Reading Time: 2 minutes


I have been mediating conflicts for over 30 years, with some of the most complex involving Indigenous communities. A shared understanding between parties at conflict is fundamental to finding a lasting solution. Needless to say, we have some work to do in that regard.

A month ago, roadblocks and rail disruptions dominated our national dialogue. Then, the worst pandemic in modern history swept the world and took over headlines. While this health crisis deserves our full attention, the critical conversations with all Indigenous peoples in Canada have not gone away.

My first mediation with a First Nation occurred in the early 1990s. It took place in a school gymnasium in a small community on the edge of Wood Buffalo National Park. Virtually the whole community from toddlers to grandmothers attended and many had their say. This was my first experience with elders and their commitment to oral history which largely defines the indigenous experience in Canada.

I learned many lessons in that school gym and in other mediations with Indigenous communities. Here are some I offer to you for your consideration:

  • Begin by designing the process with them. That’s how I ended up in the gym. Take the time to learn how they want to participate. They have been reaching consensus solutions for hundreds of years.
  • Acknowledge and accept their deep commitment to the land and to the environment.  It is central to their traditional way of life and how they see the future.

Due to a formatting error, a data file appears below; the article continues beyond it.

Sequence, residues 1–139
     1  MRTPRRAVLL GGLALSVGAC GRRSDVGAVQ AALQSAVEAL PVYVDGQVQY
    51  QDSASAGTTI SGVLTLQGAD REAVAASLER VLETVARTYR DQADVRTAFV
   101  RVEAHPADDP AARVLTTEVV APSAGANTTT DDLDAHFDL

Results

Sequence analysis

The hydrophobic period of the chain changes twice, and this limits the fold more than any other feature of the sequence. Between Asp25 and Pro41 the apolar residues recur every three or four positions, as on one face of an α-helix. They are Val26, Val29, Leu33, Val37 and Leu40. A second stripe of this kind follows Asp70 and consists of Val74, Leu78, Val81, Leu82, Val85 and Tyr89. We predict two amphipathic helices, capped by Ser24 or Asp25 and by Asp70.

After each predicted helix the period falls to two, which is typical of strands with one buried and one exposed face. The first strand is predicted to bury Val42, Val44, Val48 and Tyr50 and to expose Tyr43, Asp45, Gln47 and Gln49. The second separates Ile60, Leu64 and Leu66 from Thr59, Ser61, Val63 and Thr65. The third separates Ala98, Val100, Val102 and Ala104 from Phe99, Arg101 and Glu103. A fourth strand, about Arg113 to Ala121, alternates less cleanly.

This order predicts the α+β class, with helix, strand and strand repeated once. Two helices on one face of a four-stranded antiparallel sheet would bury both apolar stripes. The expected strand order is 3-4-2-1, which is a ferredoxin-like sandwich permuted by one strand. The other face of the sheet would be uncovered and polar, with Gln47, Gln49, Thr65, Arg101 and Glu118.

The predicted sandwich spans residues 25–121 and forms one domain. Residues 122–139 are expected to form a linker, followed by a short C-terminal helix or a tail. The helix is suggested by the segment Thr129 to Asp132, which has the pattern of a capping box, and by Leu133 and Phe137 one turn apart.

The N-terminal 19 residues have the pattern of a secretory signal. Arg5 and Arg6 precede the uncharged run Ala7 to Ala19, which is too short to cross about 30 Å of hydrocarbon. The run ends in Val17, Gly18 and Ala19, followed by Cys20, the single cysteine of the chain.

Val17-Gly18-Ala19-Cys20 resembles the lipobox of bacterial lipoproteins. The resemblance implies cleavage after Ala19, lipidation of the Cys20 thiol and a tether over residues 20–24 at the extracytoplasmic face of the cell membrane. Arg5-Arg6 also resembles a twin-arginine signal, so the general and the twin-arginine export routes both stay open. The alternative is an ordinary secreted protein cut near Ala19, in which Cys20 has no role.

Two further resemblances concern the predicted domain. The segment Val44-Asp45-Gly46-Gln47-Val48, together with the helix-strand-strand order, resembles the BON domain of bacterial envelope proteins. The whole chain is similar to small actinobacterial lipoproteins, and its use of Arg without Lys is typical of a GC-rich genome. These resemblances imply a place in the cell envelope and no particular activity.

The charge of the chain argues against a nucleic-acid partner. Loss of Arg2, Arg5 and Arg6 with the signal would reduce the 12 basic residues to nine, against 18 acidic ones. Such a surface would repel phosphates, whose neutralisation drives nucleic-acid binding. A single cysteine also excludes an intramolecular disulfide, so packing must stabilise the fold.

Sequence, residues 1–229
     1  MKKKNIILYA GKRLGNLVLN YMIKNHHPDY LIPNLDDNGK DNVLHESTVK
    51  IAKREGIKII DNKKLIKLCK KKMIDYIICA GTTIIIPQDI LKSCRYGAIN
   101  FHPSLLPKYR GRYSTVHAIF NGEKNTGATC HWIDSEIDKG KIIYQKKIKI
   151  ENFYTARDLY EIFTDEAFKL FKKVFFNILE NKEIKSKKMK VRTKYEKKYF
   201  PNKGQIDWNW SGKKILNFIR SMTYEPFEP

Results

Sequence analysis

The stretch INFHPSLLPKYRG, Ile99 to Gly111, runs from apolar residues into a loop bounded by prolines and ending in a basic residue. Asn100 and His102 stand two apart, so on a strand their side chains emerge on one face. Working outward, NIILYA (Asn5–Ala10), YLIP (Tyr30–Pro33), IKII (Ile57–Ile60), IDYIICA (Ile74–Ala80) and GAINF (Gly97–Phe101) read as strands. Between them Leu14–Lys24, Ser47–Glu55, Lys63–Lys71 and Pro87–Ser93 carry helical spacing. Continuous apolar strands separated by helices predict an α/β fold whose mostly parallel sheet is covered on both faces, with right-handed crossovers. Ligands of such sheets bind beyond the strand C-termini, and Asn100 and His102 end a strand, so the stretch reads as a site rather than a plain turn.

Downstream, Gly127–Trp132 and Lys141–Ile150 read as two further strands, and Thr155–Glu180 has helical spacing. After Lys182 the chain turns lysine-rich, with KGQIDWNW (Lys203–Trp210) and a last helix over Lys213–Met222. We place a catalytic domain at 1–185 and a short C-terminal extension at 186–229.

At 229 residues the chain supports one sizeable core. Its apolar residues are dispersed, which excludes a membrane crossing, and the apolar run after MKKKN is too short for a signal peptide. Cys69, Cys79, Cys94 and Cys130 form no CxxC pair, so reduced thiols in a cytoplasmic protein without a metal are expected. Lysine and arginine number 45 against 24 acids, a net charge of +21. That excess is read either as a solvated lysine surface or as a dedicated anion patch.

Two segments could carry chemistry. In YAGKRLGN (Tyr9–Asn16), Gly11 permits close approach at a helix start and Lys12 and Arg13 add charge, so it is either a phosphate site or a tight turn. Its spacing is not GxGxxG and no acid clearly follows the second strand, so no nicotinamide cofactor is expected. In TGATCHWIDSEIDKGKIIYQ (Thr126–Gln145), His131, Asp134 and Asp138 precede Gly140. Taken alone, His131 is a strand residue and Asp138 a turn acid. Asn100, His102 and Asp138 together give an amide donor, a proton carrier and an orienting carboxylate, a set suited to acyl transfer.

• Listen to the elders. They are the keepers of their oral history which is central to their cultural identity. Indigenous communities across Canada all hold unique identities and their oral histories are integral to their way of being.
  • Know that they expect the faults of the past to be acknowledged. Apologies are well and good, but they want and deserve real change for the future.  It does not always look like our future.
  • Be patient and learn. The lessons of the past need to guide our co-creation of the future. One that truly fosters partnerships and produces shared benefits for all participants.

To defeat this pandemic, we know we must set aside our political posturing and petty grievances and work together as never before. I hope and trust we will remember these lessons of collaboration and continue in the future to engage indigenous communities in a dialogue about future possibilities rather than a debate about past wrongs.

For more information about this topic please contact us at:
[email protected]